How to Research This Topic
My name is Adriana Parker, and I'm the librarian for TRANSFORM.
Yes, you have your own librarian!
My job is to help you to learn and understand how to navigate the library AND the university systems, and I really do want to help. If you need a hand with any research project or question (research- or university-related), please don't hesitate to reach out to me. Just email firstname.lastname@example.org. If email doesn't work best for you, let me know what does. I'm also available by text, phone, Zoom, Instagram & Facebook Messengers, Google Chat, Google Hangouts, and FaceTime, though it'll probably take us one email exchange to set things up.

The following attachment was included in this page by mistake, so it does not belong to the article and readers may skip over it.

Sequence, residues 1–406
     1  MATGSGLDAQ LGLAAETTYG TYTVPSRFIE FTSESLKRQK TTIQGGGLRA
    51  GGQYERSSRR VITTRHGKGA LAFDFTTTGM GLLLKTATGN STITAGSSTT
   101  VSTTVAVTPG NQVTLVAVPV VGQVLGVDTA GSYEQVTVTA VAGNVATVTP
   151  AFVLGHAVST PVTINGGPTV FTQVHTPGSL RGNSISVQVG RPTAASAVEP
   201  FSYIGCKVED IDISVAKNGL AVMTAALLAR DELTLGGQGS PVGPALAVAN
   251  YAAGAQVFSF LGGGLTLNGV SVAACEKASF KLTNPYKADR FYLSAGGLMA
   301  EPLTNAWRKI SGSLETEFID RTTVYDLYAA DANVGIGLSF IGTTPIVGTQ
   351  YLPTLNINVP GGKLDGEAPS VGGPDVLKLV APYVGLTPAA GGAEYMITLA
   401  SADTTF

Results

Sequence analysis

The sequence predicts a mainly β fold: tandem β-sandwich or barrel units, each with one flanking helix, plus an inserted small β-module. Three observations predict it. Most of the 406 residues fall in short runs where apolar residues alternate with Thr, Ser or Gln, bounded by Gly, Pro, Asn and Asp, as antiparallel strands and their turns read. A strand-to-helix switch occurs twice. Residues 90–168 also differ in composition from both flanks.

Or if it's 3:00 am, you're really stressed out, and need immediate help, you can talk with an on-duty librarian using that little box below.
When starting your research in Chicana/o studies, start by gathering background information on your topic. Tertiary sources, such as encyclopedias and reference databases, are good places to start.
Statistics can be a useful tool when researching populations or groups.
- Last Updated: May 29, 2020 1:33 PM
- URL: https://campusguides.lib.utah.edu/chicana-ostudies
- Print Page